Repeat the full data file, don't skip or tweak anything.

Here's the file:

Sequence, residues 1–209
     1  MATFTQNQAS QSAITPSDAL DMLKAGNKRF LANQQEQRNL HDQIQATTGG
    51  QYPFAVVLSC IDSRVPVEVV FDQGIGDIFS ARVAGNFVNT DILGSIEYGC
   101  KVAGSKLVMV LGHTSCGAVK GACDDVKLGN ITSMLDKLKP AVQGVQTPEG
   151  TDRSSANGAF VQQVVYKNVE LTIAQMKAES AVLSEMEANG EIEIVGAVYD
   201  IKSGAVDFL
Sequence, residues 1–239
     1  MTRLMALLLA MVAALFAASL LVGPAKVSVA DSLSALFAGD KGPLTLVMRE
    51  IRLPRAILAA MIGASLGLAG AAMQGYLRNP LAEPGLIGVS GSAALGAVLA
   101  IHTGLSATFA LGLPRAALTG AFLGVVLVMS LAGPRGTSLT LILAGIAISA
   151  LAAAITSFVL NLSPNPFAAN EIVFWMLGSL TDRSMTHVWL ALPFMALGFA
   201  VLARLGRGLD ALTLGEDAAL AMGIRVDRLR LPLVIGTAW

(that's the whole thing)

Sequence, residues 1–209
     1  MATFTQNQAS QSAITPSDAL DMLKAGNKRF LANQQEQRNL HDQIQATTGG
    51  QYPFAVVLSC IDSRVPVEVV FDQGIGDIFS ARVAGNFVNT DILGSIEYGC
   101  KVAGSKLVMV LGHTSCGAVK GACDDVKLGN ITSMLDKLKP AVQGVQTPEG
   151  TDRSSANGAF VQQVVYKNVE LTIAQMKAES AVLSEMEANG EIEIVGAVYD
   201  IKSGAVDFL
Sequence, residues 1–239
     1  MTRLMALLLA MVAALFAASL LVGPAKVSVA DSLSALFAGD KGPLTLVMRE
    51  IRLPRAILAA MIGASLGLAG AAMQGYLRNP LAEPGLIGVS GSAALGAVLA
   101  IHTGLSATFA LGLPRAALTG AFLGVVLVMS LAGPRGTSLT LILAGIAISA
   151  LAAAITSFVL NLSPNPFAAN EIVFWMLGSL TDRSMTHVWL ALPFMALGFA
   201  VLARLGRGLD ALTLGEDAAL AMGIRVDRLR LPLVIGTAW